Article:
s = 11 where s is the sample standard deviation

Standard error of sampling mean

x =

11 = = 2. 46 n 20

x 84 90 = = 2.44 x 2.46

Therefore since 2.44< -1.729 we reject the personnel managers hypotheses that the true mean of employees being tested is 90. This is also illustrated diagrammatically in figure 3 Figure 3

.05 of area

x =

N n N 1

-2.44 -1.729


Two Tailed Test: The specification of the null and alternative hypotheses is similar to the normal distribution. Ho: = o Ha: o This is tested at a prespecified level of significance The t statistic is

1. Given a sample mean 83, Given a sample mean of 94.3, a sample standard deviation of 12.5 and a sample size of G size of 22, test the hypothesis that the value of the population mean is 70 against the alternative the hypothesis that it is more than 100. Use the 0.025 significance level. 2. If a sample of 25 observations reveals a sample mean of 52 a sample variance of 4.2, test the hypothesis that the population mean is 05 against the alternative hypothesis that it is some other value. Use the .01 level of significance. . 3. Picosoft, Ltd., a supplier of operating system software for personal computers, was planning the initial public


x x


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offering of its stock in order to raise sufficient working capital to finance the development of a new seventhgeneration integrated system. With current earnings $1.61 a share, Picosoft and its underwriters were contemplating an offering price of $21, or about 13 times earnings. In order to check the appropriateness of this price, they randomly chose seven publicly traded software firms and found that their average price/ earnings ratio was 11.6, and the sample standard deviation was 1.3. At = .02 can Picosoft conclude that the stocks of publicly traded software firms have an average P /E ratio that is significantly different from 13? 4. The data-processing department at a large life insurance company has installed new color video display terminals to replace the monochrome units it previously used. The 95 operators trained to use the new machines averaged 7.2 hours before achieving a satisfactory level of performance. Their sample variance was 16.2 squared hours. Long experience with operators on the old monochrome terminals showed that they averaged 8.1 hours on the machines before their performances were satisfactory. At the 0.01 significance level, should the supervisor of the department conclude that the new terminals are easier to learn to operate? TEsts for Differences Between Means Small Samples Again broadly the procedure for testing whether the sample means from two different samples are not significantly different from each other is the same as for the large sample case. The differences are in the calculation of the standard error formula and secondly in the calculation of the degrees of freedom. Degrees of Freedom In the earlier case where we had tested the sample against a hypothesized population value, we had used a t distribution with n-1 degrees of freedom. In this case we have n1 1 degrees of freedom for sample 1 and n 2 1 for sample 2. When we combine the sample to estimate the pooled variance we have n1 + n2 2 degrees of freedom . Thus for example if n 1 =10 and n 2 = 12 the combined degrees of freedom = 20 Estimation of Sample Standard Error of the difference Between Two Means. In large samples had assumed the unknown population variances were equal and we estimated by s 12 and s 22 . This is not appropriate for small samples. We assume the underlying population variances are equal: s 12= s 22 we estimate population variance as a weighted average of s 12 and s 22 where the weights are numbers of degrees of freedom in each sample.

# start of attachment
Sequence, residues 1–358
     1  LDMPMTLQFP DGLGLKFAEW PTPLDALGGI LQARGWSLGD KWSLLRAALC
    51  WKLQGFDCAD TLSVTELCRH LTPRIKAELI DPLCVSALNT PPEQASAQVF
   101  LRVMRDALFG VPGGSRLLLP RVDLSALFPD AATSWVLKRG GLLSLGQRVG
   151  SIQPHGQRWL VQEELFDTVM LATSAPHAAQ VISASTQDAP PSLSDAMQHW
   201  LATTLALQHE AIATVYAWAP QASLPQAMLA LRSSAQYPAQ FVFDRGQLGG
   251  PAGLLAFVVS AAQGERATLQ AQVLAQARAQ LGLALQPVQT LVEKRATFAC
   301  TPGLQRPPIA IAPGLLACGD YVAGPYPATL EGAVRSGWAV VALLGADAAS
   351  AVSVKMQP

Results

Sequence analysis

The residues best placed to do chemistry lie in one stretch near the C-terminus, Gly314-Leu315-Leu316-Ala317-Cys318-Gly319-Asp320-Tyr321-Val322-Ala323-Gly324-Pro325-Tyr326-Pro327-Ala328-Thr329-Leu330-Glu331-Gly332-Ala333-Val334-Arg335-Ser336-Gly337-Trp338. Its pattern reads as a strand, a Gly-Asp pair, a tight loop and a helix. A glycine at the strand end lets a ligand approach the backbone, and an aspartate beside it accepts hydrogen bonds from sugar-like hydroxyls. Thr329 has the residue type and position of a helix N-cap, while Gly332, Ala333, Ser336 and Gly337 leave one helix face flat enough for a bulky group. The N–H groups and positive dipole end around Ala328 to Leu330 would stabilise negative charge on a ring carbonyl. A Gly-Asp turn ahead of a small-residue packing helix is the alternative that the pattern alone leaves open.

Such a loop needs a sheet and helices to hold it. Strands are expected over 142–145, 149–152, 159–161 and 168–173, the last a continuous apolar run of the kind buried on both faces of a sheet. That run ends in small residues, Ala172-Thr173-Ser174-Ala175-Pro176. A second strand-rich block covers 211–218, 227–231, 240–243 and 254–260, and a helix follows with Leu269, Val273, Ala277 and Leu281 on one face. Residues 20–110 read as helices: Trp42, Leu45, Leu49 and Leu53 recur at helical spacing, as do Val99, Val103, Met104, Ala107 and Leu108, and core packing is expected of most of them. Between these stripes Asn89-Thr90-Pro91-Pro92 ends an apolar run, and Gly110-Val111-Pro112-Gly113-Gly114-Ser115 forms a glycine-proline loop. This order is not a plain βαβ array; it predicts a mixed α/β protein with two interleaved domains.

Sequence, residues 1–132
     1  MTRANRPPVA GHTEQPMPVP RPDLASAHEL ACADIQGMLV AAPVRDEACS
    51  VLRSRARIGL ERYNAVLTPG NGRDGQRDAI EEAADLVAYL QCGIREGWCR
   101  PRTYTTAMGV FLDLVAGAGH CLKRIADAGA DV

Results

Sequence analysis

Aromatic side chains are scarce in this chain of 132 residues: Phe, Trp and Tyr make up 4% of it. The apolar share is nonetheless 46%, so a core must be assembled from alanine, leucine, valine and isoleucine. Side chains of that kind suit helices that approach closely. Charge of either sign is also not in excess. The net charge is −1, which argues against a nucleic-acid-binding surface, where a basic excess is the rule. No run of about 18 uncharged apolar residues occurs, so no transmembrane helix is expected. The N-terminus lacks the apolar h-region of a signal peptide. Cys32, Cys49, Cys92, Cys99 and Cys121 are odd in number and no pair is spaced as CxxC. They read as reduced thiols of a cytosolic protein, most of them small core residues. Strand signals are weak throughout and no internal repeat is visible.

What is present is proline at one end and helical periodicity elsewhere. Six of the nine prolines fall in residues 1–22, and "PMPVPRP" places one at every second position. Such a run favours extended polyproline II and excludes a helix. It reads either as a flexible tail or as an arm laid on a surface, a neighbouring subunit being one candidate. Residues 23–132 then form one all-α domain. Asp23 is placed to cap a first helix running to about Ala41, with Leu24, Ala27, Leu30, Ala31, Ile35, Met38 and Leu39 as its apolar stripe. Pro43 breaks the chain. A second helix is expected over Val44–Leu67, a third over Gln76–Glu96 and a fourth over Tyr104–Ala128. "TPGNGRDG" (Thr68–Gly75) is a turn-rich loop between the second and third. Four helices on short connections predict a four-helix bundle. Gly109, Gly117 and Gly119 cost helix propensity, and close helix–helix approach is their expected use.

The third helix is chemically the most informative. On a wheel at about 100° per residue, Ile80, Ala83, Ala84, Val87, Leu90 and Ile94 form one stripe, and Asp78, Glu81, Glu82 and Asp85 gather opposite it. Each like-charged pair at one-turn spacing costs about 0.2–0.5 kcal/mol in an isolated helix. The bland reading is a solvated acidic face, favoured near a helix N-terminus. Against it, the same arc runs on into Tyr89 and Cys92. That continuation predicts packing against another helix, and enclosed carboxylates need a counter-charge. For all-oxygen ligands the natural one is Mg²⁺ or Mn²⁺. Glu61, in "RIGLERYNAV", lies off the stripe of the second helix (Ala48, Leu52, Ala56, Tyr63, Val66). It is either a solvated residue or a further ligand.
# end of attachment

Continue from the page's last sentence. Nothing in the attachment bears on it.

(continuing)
2 ( n1 1) s12 + ( n2 1) s 2 s = n1 + n2 2 2 p

means, i.e we get an equation for the estimate standard error of


x1 x 2

x1 x2 = s p
The null hypotheses in this case is Ho: 1 = 1

1 1 + n1 n2

Ha: 11


x1 x 2 x1 x2